But the worst thing we can do, I think, is turn our backs on the sea. We should eat seafood, but we should keep an eye out for the sea that provides it. And, of course, if you have a choice between a motor or a sail, the sail, environmentally speaking, is the better choice.

Paul Greenberg’s Four Fish: The Future of the Last Wild Food_ (The Penguin Press) is the recipient of the 2011 James Beard Award for Writing and Literature and a 2012 Grantham award of special merit; it’s also a New York Times bestseller. For additional details about the book and the author, log on to Four Fish ( or follow Greenberg on Twitter (@4fishgreenberg)._

• Buy seafood from small-scale fishermen who use gear that does not harm the bottom and that doesn’t kill untargeted species.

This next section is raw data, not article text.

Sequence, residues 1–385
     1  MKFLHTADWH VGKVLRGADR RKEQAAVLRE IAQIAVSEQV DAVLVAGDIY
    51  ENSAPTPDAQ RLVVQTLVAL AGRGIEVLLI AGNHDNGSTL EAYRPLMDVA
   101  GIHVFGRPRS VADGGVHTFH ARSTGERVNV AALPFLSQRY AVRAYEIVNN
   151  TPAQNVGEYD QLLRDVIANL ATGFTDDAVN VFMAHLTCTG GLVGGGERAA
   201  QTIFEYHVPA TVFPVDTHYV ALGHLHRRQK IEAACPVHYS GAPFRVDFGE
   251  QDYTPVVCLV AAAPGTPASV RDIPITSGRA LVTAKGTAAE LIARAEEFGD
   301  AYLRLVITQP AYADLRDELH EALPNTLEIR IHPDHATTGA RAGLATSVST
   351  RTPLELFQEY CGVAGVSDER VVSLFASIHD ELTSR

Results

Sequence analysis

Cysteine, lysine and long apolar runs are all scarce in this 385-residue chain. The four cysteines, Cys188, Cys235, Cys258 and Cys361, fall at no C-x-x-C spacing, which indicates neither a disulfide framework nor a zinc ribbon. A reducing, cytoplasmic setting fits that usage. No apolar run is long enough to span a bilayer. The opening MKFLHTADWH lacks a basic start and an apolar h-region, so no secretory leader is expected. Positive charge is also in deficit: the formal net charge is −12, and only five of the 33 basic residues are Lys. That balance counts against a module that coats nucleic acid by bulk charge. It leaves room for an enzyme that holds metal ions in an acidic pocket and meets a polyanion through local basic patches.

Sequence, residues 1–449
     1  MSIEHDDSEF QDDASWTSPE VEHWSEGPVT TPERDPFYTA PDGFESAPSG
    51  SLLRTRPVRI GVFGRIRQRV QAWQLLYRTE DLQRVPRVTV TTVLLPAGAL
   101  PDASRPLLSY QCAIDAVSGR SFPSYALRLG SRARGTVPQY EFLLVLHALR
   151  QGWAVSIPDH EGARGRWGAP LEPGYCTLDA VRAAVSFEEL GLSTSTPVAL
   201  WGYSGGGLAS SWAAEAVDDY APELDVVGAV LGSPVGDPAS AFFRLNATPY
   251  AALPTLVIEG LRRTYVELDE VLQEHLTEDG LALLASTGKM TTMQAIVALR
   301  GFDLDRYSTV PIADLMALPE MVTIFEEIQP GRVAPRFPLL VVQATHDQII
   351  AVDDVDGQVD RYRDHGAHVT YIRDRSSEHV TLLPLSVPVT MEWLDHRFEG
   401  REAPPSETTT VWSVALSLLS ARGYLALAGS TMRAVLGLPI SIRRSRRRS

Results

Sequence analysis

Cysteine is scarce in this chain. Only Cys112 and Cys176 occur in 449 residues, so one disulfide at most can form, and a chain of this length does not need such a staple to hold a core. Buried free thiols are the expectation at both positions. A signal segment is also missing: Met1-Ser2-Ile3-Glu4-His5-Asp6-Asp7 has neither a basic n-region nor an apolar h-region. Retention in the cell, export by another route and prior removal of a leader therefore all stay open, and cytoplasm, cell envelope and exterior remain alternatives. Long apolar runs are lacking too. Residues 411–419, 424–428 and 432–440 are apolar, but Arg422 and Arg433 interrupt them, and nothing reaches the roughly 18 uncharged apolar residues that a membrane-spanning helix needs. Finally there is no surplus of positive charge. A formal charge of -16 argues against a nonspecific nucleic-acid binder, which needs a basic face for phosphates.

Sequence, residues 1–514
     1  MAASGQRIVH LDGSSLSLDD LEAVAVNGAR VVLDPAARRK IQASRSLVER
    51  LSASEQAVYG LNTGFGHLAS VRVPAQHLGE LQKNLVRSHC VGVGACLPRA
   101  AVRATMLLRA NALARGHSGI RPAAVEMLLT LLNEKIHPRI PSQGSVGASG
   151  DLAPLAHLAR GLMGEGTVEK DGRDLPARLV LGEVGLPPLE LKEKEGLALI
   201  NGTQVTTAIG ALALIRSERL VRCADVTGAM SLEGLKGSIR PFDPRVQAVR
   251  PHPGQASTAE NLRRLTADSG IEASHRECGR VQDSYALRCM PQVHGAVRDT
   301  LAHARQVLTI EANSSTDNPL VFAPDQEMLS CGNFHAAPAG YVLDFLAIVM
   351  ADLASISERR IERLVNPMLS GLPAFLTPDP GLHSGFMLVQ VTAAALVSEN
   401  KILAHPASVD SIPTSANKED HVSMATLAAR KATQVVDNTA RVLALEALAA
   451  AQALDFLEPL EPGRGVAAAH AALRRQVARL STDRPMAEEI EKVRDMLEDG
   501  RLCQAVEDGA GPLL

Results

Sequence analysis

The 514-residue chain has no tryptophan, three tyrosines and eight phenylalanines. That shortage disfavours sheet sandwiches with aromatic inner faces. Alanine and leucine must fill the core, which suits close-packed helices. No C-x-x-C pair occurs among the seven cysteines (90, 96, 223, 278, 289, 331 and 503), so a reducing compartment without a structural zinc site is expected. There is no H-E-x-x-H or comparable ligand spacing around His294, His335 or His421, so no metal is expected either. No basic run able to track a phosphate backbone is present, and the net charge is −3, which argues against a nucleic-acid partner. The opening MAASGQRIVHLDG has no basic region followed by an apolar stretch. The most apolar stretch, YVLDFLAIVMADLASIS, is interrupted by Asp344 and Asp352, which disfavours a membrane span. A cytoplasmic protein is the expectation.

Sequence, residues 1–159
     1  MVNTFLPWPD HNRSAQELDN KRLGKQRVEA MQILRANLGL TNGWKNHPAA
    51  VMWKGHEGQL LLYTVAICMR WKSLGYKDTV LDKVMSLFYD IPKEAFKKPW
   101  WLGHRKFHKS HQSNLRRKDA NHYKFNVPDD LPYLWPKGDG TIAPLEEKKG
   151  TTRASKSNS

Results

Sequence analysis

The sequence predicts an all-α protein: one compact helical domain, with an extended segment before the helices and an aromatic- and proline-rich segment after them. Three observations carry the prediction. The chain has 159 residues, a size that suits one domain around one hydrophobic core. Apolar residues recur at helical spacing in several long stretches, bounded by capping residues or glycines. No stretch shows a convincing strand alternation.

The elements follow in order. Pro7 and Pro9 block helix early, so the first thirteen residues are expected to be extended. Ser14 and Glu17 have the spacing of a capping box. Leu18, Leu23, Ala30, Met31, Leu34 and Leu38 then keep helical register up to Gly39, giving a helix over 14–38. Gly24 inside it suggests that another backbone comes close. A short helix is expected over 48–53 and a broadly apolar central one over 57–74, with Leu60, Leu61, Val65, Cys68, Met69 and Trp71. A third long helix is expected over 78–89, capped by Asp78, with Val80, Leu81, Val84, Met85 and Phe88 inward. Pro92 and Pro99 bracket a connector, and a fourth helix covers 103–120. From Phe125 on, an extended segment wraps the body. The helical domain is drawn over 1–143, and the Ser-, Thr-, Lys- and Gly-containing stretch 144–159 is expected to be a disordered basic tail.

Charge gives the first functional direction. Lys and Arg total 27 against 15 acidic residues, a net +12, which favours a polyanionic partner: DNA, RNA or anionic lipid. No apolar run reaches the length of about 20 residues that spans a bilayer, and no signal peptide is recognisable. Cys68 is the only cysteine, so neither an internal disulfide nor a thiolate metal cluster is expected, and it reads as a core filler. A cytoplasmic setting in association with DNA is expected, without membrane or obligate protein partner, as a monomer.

• Find a community-supported fishery near you. Start your CSF search with the Northwest Atlantic Marine Alliance and Local Catch.
• If you eat farmed fish, choose Arctic char and barramundi.
• Cooperate with shellfish farmers in coastal waters near you.
• Eat more farmed oysters and mussels.
• If you’re sailing in remote areas, report illegal fishing.
• If you’re sailing in state-regulated waters, check first with state fish-and-game authorities so you know the regulations. When in federal waters, be sure to check the federal regulations.
• When you fish, make use of barbless and circle hooks.

• Don’t dump raw sewage overboard.
It contributes to an overabundance of nutrients, and this deoxygenate the marine environment.
• If you’re fishing from your boat, don’t use treble hooks.
• If you have a choice between a motor and a sail, sail.


More Uncategorized